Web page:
Farmers hope new soybean product will help fight herbicide-resistant weeds


You are a farmer who has been treating your field with herbicide to kill off the weeds that threaten to smother your soybeans. Finally, the time to harvest comes, only to find out the product you spent a lot on did not work. Your field is full of weeds.

This is a problem many modern farmers face. The problem, however, is not a new one. The University of Nebraska-Lincoln, says the first report of herbicide-resistant weeds dates back to 1970. The report confirmed common groundsel was resistant to Atrazine, a common herbicide.

Ever since that report, agricultural scientists have been fighting a battle with weeds to develop a substance that was safe to the plants they wanted, but killed the weeds. In 1996, glyphosate-tolerant soybeans were commercialized, with glyphosate-tolerant corn following the next year.

Glyphosate herbicide kills plants by blocking the EPSPS enzyme, an enzyme involved in the biosynthesis of aromatic amino acids, vitamins and many secondary plant metabolites. The crops were modified to tolerate the herbicide by incorporating a soil bacterium gene that produces a glyphosate tolerant form of EPSPS.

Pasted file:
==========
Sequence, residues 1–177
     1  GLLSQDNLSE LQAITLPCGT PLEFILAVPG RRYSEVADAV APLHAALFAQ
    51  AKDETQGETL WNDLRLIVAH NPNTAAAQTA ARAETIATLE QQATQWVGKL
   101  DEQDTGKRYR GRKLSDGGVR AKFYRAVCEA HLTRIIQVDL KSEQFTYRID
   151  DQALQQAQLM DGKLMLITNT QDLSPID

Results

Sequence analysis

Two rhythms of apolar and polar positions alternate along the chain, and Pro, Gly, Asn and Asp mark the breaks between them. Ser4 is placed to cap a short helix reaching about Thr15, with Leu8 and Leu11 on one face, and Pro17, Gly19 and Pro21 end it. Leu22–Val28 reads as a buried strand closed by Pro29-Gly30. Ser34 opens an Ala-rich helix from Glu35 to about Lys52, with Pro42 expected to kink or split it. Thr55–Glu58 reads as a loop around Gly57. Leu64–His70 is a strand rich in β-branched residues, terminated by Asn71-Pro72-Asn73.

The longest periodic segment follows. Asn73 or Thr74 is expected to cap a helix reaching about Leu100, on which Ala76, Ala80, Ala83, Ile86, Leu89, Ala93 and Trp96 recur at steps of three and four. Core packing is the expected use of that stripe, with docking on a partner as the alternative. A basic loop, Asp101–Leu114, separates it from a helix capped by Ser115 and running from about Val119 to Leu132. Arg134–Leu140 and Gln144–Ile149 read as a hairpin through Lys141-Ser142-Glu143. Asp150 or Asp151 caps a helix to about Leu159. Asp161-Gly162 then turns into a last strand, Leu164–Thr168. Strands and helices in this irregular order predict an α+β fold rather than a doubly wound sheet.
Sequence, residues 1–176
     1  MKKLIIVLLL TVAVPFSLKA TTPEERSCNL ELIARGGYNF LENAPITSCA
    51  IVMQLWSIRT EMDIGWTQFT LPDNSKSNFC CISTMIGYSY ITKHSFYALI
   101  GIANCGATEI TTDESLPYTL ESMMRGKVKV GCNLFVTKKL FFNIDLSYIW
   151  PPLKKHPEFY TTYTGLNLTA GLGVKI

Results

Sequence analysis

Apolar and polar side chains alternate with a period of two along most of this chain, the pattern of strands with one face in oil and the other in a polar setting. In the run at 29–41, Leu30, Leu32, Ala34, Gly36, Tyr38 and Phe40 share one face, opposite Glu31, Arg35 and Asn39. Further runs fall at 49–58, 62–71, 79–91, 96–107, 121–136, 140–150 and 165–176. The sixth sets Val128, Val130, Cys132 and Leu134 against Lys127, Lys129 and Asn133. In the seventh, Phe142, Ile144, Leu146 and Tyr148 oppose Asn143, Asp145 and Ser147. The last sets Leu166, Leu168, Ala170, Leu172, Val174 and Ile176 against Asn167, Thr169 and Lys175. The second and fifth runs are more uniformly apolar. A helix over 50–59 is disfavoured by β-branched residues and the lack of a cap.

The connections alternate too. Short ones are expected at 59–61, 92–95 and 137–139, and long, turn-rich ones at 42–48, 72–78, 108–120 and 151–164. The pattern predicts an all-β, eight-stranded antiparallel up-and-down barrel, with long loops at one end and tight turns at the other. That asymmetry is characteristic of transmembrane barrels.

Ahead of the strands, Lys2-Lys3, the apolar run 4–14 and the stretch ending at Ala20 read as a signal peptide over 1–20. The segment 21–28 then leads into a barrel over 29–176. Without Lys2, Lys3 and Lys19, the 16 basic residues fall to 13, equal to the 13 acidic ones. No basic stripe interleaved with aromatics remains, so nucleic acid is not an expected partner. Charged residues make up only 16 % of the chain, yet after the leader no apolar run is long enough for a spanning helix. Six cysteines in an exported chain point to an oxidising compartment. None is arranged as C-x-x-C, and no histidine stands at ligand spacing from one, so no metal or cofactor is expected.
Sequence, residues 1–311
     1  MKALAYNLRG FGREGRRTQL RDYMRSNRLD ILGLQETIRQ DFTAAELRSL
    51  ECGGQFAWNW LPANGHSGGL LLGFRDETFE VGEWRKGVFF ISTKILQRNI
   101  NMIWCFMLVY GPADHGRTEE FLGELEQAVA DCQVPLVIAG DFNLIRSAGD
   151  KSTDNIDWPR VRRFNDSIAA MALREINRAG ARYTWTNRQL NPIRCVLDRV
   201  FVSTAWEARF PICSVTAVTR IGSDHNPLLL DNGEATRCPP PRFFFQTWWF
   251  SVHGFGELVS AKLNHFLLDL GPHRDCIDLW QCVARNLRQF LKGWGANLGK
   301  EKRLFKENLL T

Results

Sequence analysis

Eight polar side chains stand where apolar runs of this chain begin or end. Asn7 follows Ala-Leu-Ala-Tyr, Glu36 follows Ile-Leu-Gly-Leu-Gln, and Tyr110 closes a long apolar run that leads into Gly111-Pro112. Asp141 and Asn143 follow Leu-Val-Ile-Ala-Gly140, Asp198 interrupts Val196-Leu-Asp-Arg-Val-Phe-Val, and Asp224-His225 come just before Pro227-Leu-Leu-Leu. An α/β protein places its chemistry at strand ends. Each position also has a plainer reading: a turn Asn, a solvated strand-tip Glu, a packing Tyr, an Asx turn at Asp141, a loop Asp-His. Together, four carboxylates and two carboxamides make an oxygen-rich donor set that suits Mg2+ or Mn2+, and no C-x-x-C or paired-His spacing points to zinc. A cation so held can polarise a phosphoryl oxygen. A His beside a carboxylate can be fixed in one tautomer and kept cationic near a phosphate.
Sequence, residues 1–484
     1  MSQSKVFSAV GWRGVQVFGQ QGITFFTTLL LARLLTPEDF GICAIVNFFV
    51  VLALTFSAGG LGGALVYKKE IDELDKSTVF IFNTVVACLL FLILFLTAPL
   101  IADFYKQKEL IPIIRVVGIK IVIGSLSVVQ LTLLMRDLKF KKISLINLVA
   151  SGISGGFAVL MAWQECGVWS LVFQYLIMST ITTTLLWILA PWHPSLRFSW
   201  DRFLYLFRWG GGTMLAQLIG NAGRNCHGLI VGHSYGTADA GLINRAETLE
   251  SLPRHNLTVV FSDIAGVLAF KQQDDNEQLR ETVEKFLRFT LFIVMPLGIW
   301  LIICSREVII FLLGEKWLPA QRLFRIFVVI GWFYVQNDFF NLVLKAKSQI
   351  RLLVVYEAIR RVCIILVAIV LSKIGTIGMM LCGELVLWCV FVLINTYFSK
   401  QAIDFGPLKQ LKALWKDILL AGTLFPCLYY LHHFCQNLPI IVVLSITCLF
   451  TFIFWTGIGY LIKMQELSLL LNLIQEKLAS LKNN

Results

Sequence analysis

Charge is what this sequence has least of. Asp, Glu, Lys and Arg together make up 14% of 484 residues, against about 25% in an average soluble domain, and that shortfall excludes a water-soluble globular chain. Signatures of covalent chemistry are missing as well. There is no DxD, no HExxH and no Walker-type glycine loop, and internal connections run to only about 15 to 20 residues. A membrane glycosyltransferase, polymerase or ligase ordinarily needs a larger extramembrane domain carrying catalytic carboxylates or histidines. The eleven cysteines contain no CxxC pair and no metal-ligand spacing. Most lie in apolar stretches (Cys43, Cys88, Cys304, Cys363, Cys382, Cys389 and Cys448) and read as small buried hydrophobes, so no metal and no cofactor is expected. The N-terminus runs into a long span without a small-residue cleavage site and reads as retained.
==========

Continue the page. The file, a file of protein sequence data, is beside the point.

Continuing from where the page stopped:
This method worked, and had been used extensively for weed control, with fields being sprayed multiple times a year. The exposure, however, made these weeds resistant. Bob Prible, owner of Prible Ag Products in Poneto, Ind., says the main weeds he hears of is waterhemp and marestail, or horseweed.

“Our current chemistry doesn’t seem to be dealing with it or handing it well in these farms and fields,” Prible said. “It’s a huge concern for farmers.”

A new bean looks to be the next line of defense for farmers. Monsanto developed a new soybean variety that will be resistant to the next herbicide to enter the market. Roundup Ready Xtend soybeans were shown off during the annual Field Day at Prible Ag Products. The soybean variety is resistant to dicamba, a herbicide just recently approved for use by the Environmental Protection Agency.

Environmental watchdogs, however, are leery at the new product. They say the herbicide is prone to drifting, possibly hitting untreated fields.

Monsanto official say the new formulations have a low volatility compared to existing dicamba formulations. Successful Farming reports Miriam Paris, U.S. soybean marketing manager for Monsanto, is hopeful for the new formula.

“We also have conducted quite a bit of research on BMPs (best management practices) for spray applications,” Paris said in an interview with Successful Farming. “We have conducted many educational efforts to ensure the herbicide stays where it needs to stay, and promote practices like using the right nozzles.”

As for Prible, he is excited for the new soybean variety.

“Everybody has a lot of questions about them,” Prible said. “It is a huge thing in the farming industry this year. That is a new, exciting, probably revolutionary thing for farmers in their bean fields this year.”


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